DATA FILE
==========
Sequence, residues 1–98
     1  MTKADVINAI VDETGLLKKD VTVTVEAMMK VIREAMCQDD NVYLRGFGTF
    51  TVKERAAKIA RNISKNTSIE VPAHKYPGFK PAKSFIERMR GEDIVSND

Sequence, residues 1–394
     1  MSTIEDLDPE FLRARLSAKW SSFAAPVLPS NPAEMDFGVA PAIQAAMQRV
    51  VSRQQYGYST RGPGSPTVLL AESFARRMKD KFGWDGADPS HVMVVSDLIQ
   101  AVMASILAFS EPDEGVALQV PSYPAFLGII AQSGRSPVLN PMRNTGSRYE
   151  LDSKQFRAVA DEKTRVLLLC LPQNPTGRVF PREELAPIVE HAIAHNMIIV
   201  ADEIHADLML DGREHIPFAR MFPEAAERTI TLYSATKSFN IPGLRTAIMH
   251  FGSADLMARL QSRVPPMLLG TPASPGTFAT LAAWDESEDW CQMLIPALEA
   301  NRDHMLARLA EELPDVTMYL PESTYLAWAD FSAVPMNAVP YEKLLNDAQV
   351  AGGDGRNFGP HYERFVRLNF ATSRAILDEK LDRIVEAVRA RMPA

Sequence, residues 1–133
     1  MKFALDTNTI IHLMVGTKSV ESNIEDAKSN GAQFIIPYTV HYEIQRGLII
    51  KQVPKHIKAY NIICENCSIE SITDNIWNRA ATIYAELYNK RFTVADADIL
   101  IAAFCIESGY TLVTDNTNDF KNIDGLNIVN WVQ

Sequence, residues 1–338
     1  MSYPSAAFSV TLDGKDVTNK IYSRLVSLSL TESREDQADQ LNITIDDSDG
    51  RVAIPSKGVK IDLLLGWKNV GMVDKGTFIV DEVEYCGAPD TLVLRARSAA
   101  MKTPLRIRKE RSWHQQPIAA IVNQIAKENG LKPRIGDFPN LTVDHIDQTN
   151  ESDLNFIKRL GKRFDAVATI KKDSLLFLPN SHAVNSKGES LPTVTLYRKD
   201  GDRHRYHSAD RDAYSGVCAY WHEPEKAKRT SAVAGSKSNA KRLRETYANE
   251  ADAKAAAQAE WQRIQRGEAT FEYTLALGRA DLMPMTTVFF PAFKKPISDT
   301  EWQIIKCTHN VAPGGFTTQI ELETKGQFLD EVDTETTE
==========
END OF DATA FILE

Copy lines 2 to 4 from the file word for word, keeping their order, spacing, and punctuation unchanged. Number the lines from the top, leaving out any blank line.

     1  MTKADVINAI VDETGLLKKD VTVTVEAMMK VIREAMCQDD NVYLRGFGTF
    51  TVKERAAKIA RNISKNTSIE VPAHKYPGFK PAKSFIERMR GEDIVSND

Sequence, residues 1–394